Philippine Church leaders fear blast may heighten tensions with Muslims

Philippine Church leaders fear blast may heighten tensions with Muslims

Philippine Church leaders fear blast may heighten tensions with Muslims

Government forces inspect the site of an explosion in Lamitan, Basilan province, southern Philippines on Tuesday, July 31, 2018. A soldier, five militiamen and four villagers were killed by the powerful bomb that exploded in a van the troops were inspecting Tuesday amid threats of bombings in a southern province, military officials said. (Credit: Christine Garcia/AP.)

Security forces were placed on full alert in the southern Philippine region of Mindanao following a deadly suicide bomb blast in Basilan province that killed 10 people.

COTABATO, Philippines — Security forces were placed on full alert in the southern Philippine region of Mindanao following a deadly suicide bomb blast in Basilan province that killed 10 people.

Catholic Church leaders in the region warned that the July 31 attack — blamed on the Abu Sayyaf terror group — could heighten tensions between Christians and Muslims in the region, ucanews.com reported.

“There can never be peace if we continue this kind of attitude of fomenting fear among our people,” Archbishop Martin Jumoad of Ozamiz said.

The prelate, who served as bishop of Basilan for 14 years, said the attack makes the achievement of peace on the island elusive.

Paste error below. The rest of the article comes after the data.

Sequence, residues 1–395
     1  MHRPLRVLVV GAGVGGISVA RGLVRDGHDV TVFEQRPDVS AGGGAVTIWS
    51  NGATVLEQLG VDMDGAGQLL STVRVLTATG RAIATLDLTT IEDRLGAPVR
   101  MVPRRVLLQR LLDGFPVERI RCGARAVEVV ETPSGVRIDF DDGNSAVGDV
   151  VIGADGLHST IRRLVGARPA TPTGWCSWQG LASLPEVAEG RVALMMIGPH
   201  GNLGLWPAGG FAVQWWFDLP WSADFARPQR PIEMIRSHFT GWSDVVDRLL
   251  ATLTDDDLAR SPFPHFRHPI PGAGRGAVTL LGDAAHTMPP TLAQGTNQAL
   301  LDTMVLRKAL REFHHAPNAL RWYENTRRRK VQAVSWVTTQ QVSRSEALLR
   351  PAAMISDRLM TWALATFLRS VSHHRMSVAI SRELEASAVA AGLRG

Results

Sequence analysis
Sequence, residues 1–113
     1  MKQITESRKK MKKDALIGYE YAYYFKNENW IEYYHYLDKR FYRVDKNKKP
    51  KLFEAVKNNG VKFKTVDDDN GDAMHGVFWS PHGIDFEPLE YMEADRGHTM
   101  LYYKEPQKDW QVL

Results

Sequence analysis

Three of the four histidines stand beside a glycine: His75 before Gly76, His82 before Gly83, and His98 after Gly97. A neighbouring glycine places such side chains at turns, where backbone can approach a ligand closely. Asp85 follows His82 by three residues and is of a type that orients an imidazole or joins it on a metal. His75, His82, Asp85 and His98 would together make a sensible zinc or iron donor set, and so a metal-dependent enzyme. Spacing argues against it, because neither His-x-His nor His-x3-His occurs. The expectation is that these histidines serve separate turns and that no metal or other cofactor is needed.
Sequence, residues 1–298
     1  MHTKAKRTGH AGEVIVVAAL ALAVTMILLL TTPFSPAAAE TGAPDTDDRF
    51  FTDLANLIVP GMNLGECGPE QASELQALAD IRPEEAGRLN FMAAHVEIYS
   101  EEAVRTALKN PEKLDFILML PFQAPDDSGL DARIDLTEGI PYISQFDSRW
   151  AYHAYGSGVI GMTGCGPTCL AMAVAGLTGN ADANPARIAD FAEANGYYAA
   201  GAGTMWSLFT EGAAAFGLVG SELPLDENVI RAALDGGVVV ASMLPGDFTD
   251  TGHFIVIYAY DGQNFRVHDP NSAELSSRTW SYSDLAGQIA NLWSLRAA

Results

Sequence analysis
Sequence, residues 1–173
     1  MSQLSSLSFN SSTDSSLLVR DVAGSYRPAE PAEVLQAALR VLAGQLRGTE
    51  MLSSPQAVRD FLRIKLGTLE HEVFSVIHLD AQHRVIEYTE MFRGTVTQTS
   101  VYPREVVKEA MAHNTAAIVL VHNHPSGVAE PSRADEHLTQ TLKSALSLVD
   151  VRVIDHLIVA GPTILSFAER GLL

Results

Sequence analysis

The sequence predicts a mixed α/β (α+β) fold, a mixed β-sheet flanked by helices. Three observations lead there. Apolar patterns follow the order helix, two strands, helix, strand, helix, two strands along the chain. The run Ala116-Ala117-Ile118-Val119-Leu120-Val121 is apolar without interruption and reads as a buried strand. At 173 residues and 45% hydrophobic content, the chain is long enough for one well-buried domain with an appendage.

The powerful explosion at a military checkpoint in the city of Lamitan killed six soldiers and four civilians. The driver of the vehicle that exploded also died in the blast.

The vehicle, rigged with improvised bombs, went off while being examined by the soldiers.

The attack came a week after President Rodrigo Duterte signed the Bangsamoro Organic Law, which seeks to establish a new Muslim autonomous region in Mindanao.

The law is part of a peace deal signed between the Philippine government and the Moro Islamic Liberation Front aimed at ending almost five decades of war in the region.

Terrorism expert Rommel Banlaoi of the Philippine Institute for Peace, Violence and Terrorism Research, said the peace deal was not a “magic pill that can give a panacea to the multifaceted problems of armed conflicts.”

He said challenges will come from local politicians and armed groups opposed to the Bangsamoro law.

Banlaoi warned that the new law could be used as leverage by the so-called Islamic State to attract foreign fighters to come to Mindanao to oppose the “cooptation of the infidels.”

Jumoad said peace in Mindanao could be achieved only if Muslims and Christians achieve unity.

Bishop Edwin dela Pena of the Marawi prelature said the bomb attack was “violent extremism at its ugliest manifestation.”

“We condemn this act without reservation,” said the prelate of the war-torn city of Marawi, where about 400,000 people lost their homes during clashes between security forces and Islamic State-inspired fighters in 2017.

Dela Pena said the Abu Sayyaf group, which is known for abducting and killing hostages in Basilan, bungled the opportunity for dialogue with this week’s attack.

Duterte announced in July that he was inviting the group for talks in line with his efforts to bring peace and stability to Mindanao.

Gov. Mujiv Hataman of the Autonomous Region in Muslin Mindanao condemned the blast as a “brazen act of violence against our people.”

The governor assured the families of the victims of help, adding that he would strengthen security in the region without compromising the rights of the people.

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